Family and relationships are important to most people, yet because they seem "natural" or are taken for granted, many people rarely think of them as an area of study and professional practice. Family studies is a multidisciplinary examination of families, their characteristics, their behaviours and their roles in society. Characteristics can include family structure and membership, and patterns of affiliation and inclusion that make families different from each other. To a native Canadian, for example, "family" includes grandparents, in contrast to other Canadian families who view family as composed of only 2 generations, parents and children.
Behaviours of families could include how they share housework, how they budget their money, how they provide affection and nurturing to each of their members, and many activities of family life. Families' roles in society have been discussed by politicians, professionals and families themselves for decades. Are families responsible for children's education and well-being or is the state? Is the family the foundation of society or is it one of many social institutions in which individuals have their needs met?
In Canada, information on families and family life is gathered and distributed by a variety of agencies. Statistics Canada, through its censuses, and provincial governments, through the collection of vital statistics (births, deaths, marriages, divorces) provide extensive information about the broader picture of Canadian family life. The Vanier Institute of the Family has been active in documenting many of the issues and ideologies that affect Canadian families. Many specific studies on various aspects of family and family relationships are carried out by university and college students and faculty, and by agencies or task forces specifically focused on the concerns of families.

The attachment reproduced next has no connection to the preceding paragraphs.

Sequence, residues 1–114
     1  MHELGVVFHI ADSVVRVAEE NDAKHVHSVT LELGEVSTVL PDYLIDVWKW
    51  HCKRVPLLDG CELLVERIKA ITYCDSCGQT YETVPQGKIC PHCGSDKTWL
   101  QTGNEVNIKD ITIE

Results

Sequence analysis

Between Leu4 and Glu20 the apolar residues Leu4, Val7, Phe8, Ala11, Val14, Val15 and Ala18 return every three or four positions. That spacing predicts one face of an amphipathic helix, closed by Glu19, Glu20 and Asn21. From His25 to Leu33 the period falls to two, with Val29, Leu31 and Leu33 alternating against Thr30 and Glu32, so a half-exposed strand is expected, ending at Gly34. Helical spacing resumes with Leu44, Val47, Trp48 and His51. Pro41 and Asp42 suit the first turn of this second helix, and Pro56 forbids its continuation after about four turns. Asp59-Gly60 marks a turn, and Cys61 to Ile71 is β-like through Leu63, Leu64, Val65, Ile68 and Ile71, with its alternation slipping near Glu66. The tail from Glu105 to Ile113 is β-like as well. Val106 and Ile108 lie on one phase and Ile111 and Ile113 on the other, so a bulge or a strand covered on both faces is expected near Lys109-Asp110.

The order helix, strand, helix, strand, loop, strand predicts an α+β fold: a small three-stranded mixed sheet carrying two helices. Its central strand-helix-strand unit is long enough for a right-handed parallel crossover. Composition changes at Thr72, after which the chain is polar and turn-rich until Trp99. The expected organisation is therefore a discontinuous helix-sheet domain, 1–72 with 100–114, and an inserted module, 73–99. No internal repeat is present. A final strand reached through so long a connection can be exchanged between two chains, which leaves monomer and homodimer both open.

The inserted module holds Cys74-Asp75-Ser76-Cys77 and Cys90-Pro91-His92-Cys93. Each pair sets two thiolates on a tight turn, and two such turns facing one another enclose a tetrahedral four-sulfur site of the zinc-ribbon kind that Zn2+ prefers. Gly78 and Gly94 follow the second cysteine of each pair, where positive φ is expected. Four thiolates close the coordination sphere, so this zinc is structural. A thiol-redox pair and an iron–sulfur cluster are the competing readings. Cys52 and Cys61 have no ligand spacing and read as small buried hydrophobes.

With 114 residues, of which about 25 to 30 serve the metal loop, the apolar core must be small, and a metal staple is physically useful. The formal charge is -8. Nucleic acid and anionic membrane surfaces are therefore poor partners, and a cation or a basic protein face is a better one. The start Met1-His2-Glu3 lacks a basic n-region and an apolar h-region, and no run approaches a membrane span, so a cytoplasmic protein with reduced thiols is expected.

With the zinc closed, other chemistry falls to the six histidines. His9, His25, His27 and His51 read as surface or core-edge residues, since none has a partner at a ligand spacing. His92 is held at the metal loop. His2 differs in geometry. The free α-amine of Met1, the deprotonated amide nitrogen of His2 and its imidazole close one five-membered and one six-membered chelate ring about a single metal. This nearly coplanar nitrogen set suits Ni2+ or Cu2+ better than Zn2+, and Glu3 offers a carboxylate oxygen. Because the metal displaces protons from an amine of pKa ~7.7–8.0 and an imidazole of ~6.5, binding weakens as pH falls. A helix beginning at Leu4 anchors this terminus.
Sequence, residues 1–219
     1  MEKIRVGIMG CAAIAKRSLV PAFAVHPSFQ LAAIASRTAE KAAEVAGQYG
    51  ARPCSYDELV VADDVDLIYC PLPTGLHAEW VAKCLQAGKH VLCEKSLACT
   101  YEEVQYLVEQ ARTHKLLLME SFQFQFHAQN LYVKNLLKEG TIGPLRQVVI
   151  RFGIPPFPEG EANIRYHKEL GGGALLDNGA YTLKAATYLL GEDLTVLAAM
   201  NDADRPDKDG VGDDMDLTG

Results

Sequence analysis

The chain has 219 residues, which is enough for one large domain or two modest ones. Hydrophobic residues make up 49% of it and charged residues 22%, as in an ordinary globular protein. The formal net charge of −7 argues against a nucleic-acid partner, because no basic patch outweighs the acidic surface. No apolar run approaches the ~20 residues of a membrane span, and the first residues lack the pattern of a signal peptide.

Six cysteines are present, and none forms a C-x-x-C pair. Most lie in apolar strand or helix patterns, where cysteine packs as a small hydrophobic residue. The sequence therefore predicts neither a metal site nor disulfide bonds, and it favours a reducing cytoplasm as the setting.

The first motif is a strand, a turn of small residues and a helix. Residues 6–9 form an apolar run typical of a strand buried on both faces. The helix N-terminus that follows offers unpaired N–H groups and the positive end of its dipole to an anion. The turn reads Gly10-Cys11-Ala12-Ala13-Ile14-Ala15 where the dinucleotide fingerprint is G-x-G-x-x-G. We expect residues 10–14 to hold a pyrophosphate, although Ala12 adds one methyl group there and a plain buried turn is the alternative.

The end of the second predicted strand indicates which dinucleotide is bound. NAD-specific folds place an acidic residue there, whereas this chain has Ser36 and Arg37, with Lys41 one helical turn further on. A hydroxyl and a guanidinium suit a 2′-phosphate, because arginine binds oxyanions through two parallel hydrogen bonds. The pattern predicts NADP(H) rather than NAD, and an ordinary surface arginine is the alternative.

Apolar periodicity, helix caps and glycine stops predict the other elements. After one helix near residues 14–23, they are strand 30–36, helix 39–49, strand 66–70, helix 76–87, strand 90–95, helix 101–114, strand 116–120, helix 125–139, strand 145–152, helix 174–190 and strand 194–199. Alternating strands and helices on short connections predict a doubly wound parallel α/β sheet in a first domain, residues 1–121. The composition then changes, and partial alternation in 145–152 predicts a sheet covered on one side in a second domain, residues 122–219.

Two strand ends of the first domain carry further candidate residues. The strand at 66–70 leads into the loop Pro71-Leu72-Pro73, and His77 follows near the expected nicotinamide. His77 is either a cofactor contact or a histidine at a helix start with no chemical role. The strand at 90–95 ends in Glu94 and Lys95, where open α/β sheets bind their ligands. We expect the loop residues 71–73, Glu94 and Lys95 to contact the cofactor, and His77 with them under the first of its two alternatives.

The impact of changing family forms as a result of increased rates of divorce and remarriage has been the focus of much of the attention paid to the family in recent years. Concerns about the economic situation of single parent families, the effect of divorce on children, and the rights and responsibilities of divorced parents are examples of issues that have been addressed by popular press, by advocacy groups and by academics (see MARRIAGE AND DIVORCE). Families are intimately involved in and affected by local, regional and national economies, and the effect on families and family life of new economic policies of governments which are focused on deficit reduction are a new area of study.
Many studies on families by social scientists have had a direct application to programs offered in elementary and high school programs, including sex education, substance abuse education, and career and family life management.
Family studies are offered as a specialization in some colleges and universities, most often in Canada in the new discipline of Human Ecology. While some of these programs have in the past reflected a traditional conservative view of family life, most offer a program of study that mirrors the realities of family life in Canada today, with increasing emphasis on understanding family violence, the challenges that a wide variety of families face, and gender relations within families.
The recognition that it is within families that much individual and interpersonal pathology begins underlines the importance of understanding the potentials and the problems inherent in modern family life. It has also created a new interest in therapeutic interventions in families by professionals in SOCIAL WORK, PSYCHOLOGY, psychiatry and family medicine.